Wireless network specialist Aruba is conducting field trials of what it claims is the first centralised installation of a secure wireless network based on the recently ratified 802.11i standard.
The 802.11i standard is designed to give wireless networking a boost as previous security measures, such as Wired Equivalent Privacy (WEP), were easily broken by hackers, leaving many security-conscious IT managers wary about wireless networking. The most significant feature of the 802.11i standard is Advanced Encryption Standard, a strong encryption standard supporting 128-bit, 192-bit and 256-bit keys.
Aruba has chosen to centralise the network's encryption process in a dedicated "encryption engine" rather than in individual access points -- as is the usual method. This means the company's customers will have more freedom in using existing access points.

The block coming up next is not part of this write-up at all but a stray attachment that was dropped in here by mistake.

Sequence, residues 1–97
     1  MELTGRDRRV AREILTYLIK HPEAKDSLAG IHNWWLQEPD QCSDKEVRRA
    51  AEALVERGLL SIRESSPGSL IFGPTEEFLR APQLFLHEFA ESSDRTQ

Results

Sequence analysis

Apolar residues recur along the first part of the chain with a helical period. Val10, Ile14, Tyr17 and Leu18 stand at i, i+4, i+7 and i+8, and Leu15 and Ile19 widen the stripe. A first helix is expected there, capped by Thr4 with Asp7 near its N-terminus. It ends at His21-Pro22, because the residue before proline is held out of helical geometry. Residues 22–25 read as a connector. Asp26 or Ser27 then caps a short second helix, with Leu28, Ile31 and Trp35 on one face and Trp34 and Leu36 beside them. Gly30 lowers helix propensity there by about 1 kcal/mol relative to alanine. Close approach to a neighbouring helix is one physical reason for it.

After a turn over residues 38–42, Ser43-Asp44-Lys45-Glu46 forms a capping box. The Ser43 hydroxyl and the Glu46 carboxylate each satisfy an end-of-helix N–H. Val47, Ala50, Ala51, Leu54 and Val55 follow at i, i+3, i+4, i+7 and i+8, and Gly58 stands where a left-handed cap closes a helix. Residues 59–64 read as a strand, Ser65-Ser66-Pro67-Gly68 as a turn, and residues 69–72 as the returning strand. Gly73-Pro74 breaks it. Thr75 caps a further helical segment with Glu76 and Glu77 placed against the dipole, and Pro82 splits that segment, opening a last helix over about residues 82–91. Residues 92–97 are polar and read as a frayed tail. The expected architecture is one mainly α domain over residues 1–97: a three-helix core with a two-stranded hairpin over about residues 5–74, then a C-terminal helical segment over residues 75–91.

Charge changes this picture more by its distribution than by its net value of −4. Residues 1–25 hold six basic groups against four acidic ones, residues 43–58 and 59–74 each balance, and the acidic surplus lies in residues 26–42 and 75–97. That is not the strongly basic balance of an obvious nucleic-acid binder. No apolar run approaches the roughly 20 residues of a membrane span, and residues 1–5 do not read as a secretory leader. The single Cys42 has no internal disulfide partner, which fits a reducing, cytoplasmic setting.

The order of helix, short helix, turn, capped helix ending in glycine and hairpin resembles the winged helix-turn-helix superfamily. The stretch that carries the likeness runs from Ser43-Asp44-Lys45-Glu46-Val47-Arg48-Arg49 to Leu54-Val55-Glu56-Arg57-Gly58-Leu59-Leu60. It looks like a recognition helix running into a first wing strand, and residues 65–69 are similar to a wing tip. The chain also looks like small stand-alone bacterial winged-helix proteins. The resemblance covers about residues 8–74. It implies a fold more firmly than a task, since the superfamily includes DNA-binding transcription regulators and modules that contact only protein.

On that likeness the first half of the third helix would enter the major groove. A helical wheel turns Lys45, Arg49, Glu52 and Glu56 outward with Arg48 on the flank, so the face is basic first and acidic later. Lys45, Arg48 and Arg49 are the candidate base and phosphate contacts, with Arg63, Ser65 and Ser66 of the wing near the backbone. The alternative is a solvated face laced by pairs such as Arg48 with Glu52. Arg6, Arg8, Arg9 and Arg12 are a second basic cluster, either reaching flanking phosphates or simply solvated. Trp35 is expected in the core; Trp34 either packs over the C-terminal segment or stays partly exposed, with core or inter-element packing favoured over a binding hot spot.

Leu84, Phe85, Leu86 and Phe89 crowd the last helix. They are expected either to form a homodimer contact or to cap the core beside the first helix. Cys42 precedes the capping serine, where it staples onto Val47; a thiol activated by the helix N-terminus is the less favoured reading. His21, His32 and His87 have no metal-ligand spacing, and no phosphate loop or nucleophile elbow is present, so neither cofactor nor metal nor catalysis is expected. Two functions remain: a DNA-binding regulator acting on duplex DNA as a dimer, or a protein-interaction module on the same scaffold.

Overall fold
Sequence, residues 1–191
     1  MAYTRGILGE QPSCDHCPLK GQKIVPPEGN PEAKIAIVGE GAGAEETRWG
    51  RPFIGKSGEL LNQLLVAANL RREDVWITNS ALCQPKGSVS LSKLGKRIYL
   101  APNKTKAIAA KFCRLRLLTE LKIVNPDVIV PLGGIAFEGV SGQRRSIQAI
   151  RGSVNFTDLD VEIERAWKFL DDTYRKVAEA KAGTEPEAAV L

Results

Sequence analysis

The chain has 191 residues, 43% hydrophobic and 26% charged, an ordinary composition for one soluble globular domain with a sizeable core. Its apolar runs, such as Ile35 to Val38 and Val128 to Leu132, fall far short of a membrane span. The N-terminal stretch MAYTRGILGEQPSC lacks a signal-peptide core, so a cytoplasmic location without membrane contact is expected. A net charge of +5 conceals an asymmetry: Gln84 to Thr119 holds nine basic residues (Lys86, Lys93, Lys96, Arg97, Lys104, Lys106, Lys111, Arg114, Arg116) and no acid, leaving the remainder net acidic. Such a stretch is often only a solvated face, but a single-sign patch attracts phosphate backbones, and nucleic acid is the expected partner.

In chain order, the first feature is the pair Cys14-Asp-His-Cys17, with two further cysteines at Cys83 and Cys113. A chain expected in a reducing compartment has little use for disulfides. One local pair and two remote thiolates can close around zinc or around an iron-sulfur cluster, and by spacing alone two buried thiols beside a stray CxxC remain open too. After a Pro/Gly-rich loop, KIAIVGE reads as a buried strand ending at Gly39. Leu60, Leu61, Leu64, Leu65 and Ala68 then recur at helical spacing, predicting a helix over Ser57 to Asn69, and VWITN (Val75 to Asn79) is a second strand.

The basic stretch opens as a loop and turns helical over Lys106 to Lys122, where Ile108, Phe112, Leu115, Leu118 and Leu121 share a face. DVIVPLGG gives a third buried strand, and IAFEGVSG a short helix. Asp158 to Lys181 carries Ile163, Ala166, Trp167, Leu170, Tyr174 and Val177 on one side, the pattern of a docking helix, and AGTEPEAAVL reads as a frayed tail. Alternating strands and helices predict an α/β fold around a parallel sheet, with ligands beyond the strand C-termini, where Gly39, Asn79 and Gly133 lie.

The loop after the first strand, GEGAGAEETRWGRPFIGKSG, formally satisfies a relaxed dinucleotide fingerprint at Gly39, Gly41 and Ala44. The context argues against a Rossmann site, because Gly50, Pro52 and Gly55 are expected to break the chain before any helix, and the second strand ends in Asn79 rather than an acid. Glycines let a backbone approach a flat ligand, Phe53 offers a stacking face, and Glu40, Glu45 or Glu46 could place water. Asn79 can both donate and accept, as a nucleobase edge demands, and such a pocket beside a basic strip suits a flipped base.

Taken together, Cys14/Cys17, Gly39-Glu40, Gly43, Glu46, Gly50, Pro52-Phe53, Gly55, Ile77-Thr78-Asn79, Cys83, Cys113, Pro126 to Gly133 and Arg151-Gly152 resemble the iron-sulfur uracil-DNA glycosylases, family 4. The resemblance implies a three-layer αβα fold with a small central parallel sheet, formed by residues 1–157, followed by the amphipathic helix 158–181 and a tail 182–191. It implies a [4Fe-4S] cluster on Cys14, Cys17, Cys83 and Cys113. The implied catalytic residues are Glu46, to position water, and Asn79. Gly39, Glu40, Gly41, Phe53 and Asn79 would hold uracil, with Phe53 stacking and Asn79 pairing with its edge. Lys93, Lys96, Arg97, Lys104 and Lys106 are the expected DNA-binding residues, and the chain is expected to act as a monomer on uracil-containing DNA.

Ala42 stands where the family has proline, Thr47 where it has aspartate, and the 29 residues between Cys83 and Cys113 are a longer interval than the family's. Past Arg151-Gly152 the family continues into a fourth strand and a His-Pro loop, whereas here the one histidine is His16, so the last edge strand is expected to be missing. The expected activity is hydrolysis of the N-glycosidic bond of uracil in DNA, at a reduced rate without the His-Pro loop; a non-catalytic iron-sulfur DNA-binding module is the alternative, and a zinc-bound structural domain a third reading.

Merwyn Andrade, chief technology officer at Aruba and a contributor to the IEEE 802.11i specification, said that like other wireless vendors Aruba uses "off-the-shelf" radio components, which means it is easier and faster to deliver complicated services from a dedicated centralised box rather than waiting for component manufacturers to begin shipping equipment and drivers that support the new technology.
"We implement these functions in a central programmable controller and switching system that provides services to multiple access points. This provides investment protection to our customers as well as giving us a time-to-market advantage with new features such as 802.11i -- since we don't need to wait for our radio suppliers to release new drivers," said Andrade.
CNET News.com's Richard Shim contributed to this report.